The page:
While it is difficult to estimate the full extent of the follow-up costs, the costs of remediating lignite mines from the former German Democratic Republic (GDR) gives a rough indication of the scale involved. From 1992 to 2017, these costs will amount to about €12.9bn for remediating of an area of 120,000 ha.[52] Restoring Vattenfall’s 23,000ha[53] of opencast mines will certainly be less expensive. Vattenfall has so far indicated cumulated liabilities of €1.1bn for remediation in its accounts. However, recent studies have raised concerns that the indicated liabilities will be insufficient to clean up all the mining-related damages.[54]

Legal risks

Lignite mining causes environmental damages which are costly to clean up or mitigate. In Germany, liability for mining-related damages is a contentious issue and controversial cases often end up in court. Mining-related environmental damages usually fall under provisions of the EU Habitats Directive[55] or the Water Framework Directive (WFD).[56] The legal standing of citizens and associations, i.e. the right to bring such suits, has been strengthened considerably by recent judgements of the German Constitutional Court[57]  and the European Court of Justice.[58]

Potential buyers of Vattenfall’s lignite portfolio should be aware that a number of lawsuits against Vattenfall’s lignite business are already pending or are likely to be brought in the future. Their outcomes are uncertain at best and they will at the very least entail administrative costs, legal fees and operational delays. (More on this in the full report on which this article is based.)

Thus, we conclude that a confluence of political, economic and legal risks puts the future profitability of German lignite in question. The time window in which Vattenfall’s lignite plants can still be run profitably is closing quickly – so quickly that investors would likely be unable to recoup their costs.

Editor’s Note

This article is based on the report Vattenfall’s Lignite Business – A Risky Bet for Investors, published in November 2015 by E3G. Please follow the link to read the full annotated report.

[1] Greenpeace Nordic also submitted a statement of interest, but was subsequently rejected by Citibank as a potential buyer.

[2] Vattenfall (2015) Interim Report January–June 2015

[3] Energy Brainpool (2015) Economic analysis of Vattenfall’s lignite power plants offered for sale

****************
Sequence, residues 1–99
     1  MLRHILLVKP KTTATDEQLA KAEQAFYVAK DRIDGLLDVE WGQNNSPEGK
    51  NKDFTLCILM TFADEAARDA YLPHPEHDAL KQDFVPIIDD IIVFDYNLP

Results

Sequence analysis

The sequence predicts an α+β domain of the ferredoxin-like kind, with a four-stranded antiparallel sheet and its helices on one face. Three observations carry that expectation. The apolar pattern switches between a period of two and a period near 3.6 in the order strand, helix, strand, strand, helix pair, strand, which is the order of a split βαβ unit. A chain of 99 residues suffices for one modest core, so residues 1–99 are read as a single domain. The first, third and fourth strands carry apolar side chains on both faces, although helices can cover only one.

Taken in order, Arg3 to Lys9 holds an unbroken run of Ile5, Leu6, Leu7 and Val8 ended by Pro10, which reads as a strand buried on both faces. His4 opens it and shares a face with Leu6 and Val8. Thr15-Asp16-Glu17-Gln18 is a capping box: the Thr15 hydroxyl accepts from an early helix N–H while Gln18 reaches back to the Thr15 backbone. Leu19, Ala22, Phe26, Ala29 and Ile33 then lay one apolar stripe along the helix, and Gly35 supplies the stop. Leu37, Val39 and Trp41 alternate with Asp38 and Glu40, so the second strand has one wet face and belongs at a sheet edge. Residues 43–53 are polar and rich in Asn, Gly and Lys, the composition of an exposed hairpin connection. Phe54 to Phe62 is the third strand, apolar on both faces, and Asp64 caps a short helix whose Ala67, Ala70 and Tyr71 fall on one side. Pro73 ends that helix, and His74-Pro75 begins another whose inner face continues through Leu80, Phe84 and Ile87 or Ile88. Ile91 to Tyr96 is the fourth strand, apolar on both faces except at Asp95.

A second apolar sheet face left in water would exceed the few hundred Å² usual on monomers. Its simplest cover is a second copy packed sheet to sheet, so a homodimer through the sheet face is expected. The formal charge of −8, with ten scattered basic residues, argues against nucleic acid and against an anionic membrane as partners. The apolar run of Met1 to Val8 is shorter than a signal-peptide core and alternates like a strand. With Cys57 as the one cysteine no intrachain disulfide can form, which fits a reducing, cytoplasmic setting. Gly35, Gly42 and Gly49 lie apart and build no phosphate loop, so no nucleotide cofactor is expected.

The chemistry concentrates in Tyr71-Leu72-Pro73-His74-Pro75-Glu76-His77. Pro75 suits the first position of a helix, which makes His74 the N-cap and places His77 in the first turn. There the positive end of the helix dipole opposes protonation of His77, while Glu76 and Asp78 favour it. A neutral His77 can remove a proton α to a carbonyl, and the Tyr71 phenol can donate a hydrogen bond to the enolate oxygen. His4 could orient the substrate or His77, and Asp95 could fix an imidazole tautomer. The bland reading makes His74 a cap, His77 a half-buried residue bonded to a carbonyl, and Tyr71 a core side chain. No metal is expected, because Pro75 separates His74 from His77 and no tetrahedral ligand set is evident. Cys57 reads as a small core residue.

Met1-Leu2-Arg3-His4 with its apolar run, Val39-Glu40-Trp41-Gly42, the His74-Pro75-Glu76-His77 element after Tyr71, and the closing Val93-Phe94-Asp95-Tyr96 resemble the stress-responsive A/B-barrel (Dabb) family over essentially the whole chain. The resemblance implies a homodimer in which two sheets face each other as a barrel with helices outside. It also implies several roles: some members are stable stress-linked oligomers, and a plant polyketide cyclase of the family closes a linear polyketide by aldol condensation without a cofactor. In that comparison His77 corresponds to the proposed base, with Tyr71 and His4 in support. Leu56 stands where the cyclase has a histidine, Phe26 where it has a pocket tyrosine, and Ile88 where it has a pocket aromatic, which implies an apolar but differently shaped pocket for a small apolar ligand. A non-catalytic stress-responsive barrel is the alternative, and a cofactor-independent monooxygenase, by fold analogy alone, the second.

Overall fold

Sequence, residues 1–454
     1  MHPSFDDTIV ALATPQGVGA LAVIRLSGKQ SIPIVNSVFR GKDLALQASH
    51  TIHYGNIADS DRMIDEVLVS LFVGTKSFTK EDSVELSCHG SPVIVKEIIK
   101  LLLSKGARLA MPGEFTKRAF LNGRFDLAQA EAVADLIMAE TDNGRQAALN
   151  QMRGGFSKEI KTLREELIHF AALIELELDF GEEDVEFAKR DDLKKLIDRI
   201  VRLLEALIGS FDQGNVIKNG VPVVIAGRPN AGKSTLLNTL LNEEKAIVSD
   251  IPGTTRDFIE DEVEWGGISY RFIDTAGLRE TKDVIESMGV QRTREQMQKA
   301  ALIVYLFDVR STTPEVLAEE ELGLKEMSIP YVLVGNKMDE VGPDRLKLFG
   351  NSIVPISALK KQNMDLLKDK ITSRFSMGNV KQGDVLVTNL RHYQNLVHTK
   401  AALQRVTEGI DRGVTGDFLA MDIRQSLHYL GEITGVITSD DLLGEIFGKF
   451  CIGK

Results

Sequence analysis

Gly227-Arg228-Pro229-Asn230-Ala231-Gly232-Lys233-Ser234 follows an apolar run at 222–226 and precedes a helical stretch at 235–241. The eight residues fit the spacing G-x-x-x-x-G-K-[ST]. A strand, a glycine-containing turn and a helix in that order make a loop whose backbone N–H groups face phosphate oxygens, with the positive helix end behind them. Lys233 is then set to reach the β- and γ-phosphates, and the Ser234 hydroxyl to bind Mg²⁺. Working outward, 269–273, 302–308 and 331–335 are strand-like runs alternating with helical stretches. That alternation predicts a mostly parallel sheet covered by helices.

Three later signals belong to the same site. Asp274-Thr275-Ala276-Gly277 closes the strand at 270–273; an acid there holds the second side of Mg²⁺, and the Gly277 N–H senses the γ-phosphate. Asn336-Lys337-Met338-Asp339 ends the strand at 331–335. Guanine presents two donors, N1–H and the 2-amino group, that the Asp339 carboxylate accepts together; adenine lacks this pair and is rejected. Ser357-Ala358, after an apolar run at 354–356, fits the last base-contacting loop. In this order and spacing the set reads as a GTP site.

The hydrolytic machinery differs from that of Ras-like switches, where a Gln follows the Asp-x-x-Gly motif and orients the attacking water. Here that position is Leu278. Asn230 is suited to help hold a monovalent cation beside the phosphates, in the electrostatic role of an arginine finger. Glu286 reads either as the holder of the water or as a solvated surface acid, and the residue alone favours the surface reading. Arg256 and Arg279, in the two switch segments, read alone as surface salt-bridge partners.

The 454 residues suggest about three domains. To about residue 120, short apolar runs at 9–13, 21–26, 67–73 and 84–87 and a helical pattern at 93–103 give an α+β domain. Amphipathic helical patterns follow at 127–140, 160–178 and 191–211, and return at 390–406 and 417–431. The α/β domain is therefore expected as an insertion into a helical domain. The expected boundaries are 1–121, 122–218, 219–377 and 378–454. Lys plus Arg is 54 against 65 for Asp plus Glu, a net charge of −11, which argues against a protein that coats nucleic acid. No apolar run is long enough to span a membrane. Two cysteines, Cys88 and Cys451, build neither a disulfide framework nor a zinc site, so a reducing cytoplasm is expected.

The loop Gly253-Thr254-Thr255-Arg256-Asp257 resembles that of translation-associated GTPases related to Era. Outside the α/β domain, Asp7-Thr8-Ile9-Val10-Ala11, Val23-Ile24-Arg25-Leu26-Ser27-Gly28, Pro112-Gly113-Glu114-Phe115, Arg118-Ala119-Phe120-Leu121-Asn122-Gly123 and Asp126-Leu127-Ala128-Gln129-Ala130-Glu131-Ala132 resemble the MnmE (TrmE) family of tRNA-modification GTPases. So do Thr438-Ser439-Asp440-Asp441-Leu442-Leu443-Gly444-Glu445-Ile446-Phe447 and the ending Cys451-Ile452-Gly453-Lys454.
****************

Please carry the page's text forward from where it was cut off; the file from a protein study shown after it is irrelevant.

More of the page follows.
[4] Boomberg (2015) Greenpeace says can find cash to buy Vattenfall coal assets, 6 October 2015

[5] DIW (2014) Risks of Vattenfall’s German Lignite Mining and Power Operations – Technical, Economic, and Legal Considerations, Politikberatung kompakt 87

[6] German Federal Government (2010) Energiekonzept für eine umweltschonende, zuverlässige und bezahlbare Energieversorgung

[7] European Commission (2011) Energy Roadmap 2050, COMM/2011/0885

[8] See page 11 for sources, see also E3G (2015) G7 coal phase out: Germany – A review for Oxfam

[9] German Federal Government (2015) Entwurf eines Gesetzes zur Weiterentwicklung des Strommarktes (Strommarktgesetz)

[10] FAZ (2015) Teilausstieg aus der Braunkohle besiegelt, 24 october 2015

[11] International pressure is increasing as well, with the UK committing to a 2025 coal phase-out and the Netherlands reportedly also considering to end coal power generation.

[12] Berliner Zeitung (2015) Bundesregierung will Ausstieg aus Kohleverstromung fix machen, 25 November 2015

[13] SRU (2015) 10 Thesen zur Zukunft der Kohle bis 2040

[14] German Environment Ministry (2015) Zusammenstellung aller Maßnahmenvorschläge der Bundesländer, Kommunen und Verbände für den Klimaschutzplan 2050

[15] Sigmar Gabriel (2015) Herausforderung Energiewende: “Die Stunde der Überschriften ist vorbei”, speech at BDEW Congress 2015, 30 June 2015

[16] Interview with Michael Vassiliadis, Die Zeit, 24 April 2015

[17] Joachim Nitsch (2013) „Szenario 2013“ – eine Weiterentwicklung des Leitszenarios 2011. Deutsches Zentrum für Luft- und Raumfahrt (DLR), Stuttgart, Deutschland

[18] German Advisory Council on the Environment (2011): Sondergutachten: Wege zur 100 % erneuerbaren Stromversorgung

[19] Federal Environment Agency (2010): Energieziel 2050 – 100% Strom aus erneuerbaren Quellen